The Italian mice were right. A little over a year ago we reported on a study that showed mice lost weight when given green coffee bean extract. Now articles all over the web are reporting on a recent study which also showed loss of weight from the green coffee extract – this time on humans.
Overweight men and women participated in the 22-week study by alternating the extract and a placebo and engaging in regular exercise. Their diets stayed the same at about 2400 calories. The high dose, about one ounce of extract during the days it was given, was credited with the success of the weight loss, which averaged 10% over that 22 weeks. The researchers said it would have been higher if taken daily with no placebos. This is the highest dose that has been studied so far.
As in other studies, it’s not the caffeine that’s given the credit for the pound shedding. Rather it’s the chlorogenic acid found in raw coffee beans that does the trick. This acid may prevent sugar (glucose) from being absorbed, lowering caloric intake. Unfortunately for coffee lovers, the acid is lost in the process of roasting the beans, so it’s not believed that brewed coffee will provide the benefit. So far no side effects have been identified. The only problem was that the extract capsules are bitter, so it was recommended they be taken with lots of water and with a meal.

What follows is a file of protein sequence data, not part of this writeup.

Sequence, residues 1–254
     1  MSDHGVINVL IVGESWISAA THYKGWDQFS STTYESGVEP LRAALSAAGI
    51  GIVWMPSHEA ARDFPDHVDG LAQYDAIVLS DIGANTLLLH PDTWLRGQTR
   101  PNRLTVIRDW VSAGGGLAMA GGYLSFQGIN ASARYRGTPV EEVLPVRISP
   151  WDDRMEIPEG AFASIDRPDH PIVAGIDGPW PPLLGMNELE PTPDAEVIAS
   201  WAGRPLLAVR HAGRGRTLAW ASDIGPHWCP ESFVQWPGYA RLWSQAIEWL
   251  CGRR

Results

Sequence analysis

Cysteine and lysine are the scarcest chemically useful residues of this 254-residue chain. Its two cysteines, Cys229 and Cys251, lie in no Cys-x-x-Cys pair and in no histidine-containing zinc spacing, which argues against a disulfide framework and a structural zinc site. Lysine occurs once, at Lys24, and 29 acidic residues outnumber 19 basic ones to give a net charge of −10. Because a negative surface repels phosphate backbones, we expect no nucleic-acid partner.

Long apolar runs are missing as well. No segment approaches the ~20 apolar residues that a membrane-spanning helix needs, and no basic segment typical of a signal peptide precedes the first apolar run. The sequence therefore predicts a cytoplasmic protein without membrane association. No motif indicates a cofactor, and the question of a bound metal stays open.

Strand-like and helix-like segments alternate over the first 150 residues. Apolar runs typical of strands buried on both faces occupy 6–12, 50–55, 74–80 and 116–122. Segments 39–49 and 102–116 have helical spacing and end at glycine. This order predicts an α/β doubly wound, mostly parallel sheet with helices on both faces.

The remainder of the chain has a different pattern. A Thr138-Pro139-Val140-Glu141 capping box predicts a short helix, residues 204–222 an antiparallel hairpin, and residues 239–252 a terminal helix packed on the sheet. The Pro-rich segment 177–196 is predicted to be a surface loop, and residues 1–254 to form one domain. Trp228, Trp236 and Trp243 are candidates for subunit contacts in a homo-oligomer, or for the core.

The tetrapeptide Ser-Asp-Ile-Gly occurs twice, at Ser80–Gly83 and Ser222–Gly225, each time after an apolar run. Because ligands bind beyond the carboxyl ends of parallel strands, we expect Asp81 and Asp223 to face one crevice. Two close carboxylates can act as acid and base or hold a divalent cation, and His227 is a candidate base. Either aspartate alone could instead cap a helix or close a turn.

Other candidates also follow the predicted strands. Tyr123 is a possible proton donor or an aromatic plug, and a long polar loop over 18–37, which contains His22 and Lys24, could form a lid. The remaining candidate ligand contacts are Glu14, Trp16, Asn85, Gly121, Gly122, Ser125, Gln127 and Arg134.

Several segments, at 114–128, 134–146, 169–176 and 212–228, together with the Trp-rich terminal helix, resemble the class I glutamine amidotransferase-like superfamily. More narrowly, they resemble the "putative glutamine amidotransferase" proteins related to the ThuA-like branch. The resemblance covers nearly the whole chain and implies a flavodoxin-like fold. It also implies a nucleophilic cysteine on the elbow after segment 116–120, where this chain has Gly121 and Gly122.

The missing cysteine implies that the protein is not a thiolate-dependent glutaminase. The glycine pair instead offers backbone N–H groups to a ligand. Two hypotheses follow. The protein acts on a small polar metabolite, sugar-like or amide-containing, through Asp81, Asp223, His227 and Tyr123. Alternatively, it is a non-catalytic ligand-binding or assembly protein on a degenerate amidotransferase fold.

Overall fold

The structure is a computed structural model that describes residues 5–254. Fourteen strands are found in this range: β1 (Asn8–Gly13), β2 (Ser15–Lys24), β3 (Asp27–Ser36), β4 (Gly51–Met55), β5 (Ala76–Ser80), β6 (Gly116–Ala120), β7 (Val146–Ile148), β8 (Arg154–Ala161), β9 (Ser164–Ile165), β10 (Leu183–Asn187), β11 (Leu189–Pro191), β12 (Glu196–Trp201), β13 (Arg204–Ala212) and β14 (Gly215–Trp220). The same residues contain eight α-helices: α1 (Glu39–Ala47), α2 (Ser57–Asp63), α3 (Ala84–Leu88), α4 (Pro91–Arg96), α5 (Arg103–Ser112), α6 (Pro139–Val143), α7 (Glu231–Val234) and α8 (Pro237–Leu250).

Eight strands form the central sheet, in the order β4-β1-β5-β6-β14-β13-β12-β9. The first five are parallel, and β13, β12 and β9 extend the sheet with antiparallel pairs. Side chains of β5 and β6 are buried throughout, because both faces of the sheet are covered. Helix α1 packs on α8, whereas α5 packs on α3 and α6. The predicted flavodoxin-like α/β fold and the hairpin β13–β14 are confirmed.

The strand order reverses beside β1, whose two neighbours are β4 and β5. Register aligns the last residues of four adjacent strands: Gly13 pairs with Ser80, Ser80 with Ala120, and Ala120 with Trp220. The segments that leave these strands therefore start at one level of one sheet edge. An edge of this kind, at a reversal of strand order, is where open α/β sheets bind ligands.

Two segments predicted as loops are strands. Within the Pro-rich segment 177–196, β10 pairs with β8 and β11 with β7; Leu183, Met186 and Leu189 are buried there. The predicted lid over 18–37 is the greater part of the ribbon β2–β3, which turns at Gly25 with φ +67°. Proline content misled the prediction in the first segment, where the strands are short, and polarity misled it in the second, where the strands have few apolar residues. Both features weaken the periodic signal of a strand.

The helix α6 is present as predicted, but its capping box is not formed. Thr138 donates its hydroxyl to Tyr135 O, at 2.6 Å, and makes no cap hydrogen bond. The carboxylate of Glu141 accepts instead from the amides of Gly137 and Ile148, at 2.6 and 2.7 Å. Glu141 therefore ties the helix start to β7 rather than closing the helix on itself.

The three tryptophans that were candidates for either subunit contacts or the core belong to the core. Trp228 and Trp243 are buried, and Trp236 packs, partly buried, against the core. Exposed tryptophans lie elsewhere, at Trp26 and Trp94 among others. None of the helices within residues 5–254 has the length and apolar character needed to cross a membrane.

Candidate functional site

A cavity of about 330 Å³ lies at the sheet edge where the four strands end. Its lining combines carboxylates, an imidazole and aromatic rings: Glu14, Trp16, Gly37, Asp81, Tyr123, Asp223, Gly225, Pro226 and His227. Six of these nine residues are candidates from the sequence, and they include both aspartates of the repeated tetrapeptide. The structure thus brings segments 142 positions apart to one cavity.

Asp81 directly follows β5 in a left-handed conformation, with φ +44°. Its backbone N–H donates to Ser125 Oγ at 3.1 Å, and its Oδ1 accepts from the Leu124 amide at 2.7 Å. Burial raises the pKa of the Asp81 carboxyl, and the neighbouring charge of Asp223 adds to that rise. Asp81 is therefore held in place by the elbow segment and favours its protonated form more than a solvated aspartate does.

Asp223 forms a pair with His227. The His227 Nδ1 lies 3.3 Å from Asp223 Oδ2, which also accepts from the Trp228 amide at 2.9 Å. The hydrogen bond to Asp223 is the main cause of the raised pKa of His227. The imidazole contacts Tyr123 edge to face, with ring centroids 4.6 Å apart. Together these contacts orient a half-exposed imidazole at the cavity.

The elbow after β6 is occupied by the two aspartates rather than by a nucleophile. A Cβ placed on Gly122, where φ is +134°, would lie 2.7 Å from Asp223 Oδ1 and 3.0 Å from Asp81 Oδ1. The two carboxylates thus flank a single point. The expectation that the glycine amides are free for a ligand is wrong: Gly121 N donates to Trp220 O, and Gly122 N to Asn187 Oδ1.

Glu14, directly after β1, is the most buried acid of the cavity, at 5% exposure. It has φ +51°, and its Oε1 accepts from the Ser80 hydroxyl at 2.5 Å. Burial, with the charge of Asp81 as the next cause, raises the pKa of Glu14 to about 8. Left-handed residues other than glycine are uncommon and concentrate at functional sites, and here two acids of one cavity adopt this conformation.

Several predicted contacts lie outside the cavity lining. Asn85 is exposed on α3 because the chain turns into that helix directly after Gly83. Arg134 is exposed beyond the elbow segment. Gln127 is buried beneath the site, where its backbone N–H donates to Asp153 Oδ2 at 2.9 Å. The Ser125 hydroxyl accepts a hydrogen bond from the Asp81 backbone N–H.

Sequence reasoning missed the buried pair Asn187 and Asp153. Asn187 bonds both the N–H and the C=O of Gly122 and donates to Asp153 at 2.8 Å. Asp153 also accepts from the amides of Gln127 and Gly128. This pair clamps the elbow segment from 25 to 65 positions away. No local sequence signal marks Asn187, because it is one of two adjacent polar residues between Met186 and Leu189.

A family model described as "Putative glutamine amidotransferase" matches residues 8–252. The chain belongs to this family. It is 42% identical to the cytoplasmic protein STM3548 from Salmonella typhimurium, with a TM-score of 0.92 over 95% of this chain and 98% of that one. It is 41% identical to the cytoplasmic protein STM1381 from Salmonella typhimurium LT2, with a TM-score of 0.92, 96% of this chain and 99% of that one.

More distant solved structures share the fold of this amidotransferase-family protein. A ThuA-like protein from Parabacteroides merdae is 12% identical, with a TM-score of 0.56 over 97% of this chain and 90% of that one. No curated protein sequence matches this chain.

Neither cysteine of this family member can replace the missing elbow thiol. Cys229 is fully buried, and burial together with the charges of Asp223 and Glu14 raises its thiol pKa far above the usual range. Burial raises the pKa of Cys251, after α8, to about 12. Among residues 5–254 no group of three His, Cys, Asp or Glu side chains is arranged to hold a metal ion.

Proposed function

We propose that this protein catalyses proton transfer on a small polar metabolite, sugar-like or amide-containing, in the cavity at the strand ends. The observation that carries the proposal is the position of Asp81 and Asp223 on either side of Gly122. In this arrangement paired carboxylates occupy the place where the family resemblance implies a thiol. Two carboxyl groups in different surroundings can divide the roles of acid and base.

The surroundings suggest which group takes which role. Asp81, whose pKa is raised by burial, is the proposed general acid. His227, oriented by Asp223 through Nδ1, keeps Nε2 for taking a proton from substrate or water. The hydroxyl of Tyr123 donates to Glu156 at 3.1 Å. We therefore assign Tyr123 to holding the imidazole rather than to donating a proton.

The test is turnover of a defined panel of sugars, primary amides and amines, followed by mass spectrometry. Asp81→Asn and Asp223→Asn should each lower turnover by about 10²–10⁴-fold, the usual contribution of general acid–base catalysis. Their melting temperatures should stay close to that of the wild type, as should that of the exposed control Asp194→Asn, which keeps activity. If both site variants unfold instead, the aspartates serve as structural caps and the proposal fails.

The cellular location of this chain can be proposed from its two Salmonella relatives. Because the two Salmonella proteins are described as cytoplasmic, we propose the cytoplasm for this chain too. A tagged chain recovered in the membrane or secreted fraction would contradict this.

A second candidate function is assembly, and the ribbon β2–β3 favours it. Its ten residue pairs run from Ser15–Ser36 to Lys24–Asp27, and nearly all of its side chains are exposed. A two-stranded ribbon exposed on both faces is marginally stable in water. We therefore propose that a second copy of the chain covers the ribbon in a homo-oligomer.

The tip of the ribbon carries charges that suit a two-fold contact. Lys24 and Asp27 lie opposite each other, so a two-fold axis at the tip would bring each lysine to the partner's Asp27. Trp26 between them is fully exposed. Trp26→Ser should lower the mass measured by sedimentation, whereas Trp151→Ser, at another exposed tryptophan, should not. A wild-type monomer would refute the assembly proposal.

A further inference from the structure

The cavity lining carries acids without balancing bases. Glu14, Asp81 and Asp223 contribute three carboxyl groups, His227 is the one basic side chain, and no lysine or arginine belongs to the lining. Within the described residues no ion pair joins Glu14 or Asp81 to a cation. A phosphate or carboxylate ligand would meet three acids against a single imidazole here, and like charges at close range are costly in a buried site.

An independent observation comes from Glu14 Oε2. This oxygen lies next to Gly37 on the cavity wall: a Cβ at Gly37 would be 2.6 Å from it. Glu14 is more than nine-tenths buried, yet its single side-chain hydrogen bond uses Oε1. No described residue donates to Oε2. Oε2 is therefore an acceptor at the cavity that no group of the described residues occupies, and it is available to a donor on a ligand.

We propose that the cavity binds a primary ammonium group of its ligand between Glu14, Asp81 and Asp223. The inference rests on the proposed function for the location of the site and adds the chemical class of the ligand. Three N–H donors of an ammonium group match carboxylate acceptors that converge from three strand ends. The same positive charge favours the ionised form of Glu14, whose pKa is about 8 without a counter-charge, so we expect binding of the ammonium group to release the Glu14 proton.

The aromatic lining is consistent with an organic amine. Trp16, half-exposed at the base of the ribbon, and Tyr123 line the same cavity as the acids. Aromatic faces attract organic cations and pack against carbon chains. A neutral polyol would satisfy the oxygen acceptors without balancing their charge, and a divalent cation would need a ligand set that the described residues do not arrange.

None of the articles on the study said anything about how the caffeine affected the participants; if they also drank coffee during the day, it seems this didn’t present a problem. So now, Starbucks is leading what may be a new fad by putting green coffee extract in its new energy drink. That’s an interesting concept, as such drinks are notoriously high in sugar, and the extract is said to prevent sugar’s absorption. Because the study was small, 16 subjects, the researchers want to do a larger one. It also should be noted that the average loss was 10%, but some of the participants lost less. If weight loss is desired over a longer period, it probably would be wise to vary the daily calorie count so the body doesn’t get used to a certain amount and plateau out. Or just ask a mouse how it’s done – they’re always the first to know.
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